By Emmanuel Elebeke
The National Office for Technology Acquisition and Promotion, NOTAP has challenged Nigerian universities to leverage on the benefits of the Intellectual Property and Technology Transfer Office (IPTTO) to attain financial independence.
The Director General of NOTAP, Dr. DanAzumi Mohammed Ibrahim stated this during his opening remarks at the Commissioning ceremony of the 39th Intellectual Property and Technology Transfer Office (IPTTO) by NOTAP in University of Ilorin, Kwara State.
Azumi said the establishment of IPTTOs in some strategic tertiary institutions in the Country was to create awareness on the importance of intellectual property to the techno-economic development of the country.
With full exploitation of the IPTTOs in their domain, Azumi affirmed that the local universities could end their dependency on state budgetary allocation but on royalties coming from licensing of their research results and Commercialization of research and Development results.
The NOTAP DG said the establishment of the IPTTOs was to create awareness on the importance of intellectual property to the techno-economic development of the country and to facilitate the acculturation of IP into the Nigeria knowledge sector.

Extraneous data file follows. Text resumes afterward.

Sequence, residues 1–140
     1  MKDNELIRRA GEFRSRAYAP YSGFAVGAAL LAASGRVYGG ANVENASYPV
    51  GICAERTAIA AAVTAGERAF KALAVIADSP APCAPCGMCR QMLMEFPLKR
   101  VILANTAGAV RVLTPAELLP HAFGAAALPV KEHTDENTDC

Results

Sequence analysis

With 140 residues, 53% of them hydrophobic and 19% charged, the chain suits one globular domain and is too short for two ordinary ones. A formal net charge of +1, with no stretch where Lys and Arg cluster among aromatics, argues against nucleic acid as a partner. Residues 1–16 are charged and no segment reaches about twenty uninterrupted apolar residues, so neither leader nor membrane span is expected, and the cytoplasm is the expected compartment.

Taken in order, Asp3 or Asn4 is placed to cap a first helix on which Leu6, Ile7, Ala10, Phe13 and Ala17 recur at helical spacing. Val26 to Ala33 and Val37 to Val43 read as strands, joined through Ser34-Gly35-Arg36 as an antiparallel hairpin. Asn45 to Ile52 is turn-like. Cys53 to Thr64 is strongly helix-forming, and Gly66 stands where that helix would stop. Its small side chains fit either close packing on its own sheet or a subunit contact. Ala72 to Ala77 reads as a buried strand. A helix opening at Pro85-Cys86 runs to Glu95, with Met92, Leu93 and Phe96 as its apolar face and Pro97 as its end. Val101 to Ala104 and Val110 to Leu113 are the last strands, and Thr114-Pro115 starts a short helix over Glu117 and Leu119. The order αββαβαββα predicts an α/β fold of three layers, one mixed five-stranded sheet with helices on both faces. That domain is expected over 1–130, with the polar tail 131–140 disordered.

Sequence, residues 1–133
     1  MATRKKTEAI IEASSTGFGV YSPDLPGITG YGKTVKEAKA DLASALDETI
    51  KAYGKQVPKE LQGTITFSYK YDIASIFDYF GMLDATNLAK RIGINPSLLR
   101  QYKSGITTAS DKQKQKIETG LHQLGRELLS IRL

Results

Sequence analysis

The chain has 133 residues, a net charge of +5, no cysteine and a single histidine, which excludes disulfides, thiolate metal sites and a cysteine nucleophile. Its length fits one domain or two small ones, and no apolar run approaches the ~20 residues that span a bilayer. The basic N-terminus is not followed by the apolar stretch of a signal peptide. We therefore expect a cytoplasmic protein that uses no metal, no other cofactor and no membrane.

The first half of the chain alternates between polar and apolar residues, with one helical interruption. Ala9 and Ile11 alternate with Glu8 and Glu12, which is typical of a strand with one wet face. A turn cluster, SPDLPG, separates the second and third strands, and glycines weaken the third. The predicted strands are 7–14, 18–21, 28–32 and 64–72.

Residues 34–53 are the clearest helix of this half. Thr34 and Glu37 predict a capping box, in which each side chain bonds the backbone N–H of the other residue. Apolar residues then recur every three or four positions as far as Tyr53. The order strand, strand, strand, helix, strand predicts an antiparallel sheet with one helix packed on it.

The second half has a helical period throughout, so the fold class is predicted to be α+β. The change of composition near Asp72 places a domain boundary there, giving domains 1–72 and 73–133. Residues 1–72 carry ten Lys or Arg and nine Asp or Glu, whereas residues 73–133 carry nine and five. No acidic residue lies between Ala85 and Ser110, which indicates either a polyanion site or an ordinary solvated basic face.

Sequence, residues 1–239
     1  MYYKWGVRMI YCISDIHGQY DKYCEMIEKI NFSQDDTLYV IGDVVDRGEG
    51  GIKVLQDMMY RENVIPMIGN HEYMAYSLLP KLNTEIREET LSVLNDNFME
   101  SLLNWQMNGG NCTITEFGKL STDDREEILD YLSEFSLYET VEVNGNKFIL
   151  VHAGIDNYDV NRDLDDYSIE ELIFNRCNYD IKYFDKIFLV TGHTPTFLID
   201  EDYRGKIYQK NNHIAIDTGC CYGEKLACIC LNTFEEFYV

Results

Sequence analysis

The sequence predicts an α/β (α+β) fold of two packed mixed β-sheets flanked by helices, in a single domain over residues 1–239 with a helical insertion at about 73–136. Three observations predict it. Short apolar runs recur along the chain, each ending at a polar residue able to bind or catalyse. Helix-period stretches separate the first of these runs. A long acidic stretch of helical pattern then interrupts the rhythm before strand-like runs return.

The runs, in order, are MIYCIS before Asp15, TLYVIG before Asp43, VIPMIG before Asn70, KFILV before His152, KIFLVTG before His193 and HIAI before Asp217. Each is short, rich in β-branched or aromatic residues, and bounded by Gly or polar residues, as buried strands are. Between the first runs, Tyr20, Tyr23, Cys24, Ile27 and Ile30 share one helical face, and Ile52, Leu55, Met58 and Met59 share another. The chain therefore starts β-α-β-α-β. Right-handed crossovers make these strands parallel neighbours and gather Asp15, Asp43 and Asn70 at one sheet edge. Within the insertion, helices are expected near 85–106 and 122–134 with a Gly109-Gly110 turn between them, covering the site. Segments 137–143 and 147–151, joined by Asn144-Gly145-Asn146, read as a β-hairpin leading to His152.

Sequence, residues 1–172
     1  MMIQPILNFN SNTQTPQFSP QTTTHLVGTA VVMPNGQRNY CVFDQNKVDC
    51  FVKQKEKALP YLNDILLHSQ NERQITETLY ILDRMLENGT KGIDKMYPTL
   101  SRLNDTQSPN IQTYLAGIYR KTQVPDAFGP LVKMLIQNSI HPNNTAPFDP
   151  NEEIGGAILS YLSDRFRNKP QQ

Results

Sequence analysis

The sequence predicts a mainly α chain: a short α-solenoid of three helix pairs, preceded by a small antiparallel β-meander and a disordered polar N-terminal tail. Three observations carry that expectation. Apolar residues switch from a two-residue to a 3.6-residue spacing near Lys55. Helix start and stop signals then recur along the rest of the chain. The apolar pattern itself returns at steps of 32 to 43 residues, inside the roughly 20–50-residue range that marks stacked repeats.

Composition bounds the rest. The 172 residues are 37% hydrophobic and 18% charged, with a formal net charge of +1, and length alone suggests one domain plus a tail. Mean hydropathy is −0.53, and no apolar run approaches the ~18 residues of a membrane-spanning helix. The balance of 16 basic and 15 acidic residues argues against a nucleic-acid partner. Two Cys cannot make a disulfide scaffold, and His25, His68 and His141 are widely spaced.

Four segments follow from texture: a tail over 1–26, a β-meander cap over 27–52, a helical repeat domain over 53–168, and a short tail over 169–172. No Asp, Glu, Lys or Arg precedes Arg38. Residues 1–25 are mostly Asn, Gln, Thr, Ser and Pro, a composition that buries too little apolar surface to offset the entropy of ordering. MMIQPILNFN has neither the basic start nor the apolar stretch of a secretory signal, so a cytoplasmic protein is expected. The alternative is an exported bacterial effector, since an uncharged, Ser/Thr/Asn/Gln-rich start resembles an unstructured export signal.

He stated that knowledge is what rules the world and that technology had become the global index for measuring growth and economic sustainability of a nation.
The NOTAP boss added that the establishment of IPTTO’s in tertiary institutions in Nigeria will no doubt, stimulate demand-driven research across the research establishments in the country.
According to him, what differentiates the developed and developing nations of the world is the level of technological advancement whereas technology is the product of Intellectual Property.
He further stated that universities in the developed countries have continued to rank higher than those in the developing countries because the R&D infrastructure and other social facilities are better, making it possible for research results from the developed countries to metamorphose into products and services, while those of the developing countries remain on the shelves at prototype level.
The DG said there was a poor innovative and intellectual property protection culture in the country but assured that the IPTTO will facilitate the galvanization of research results for onward commercialization.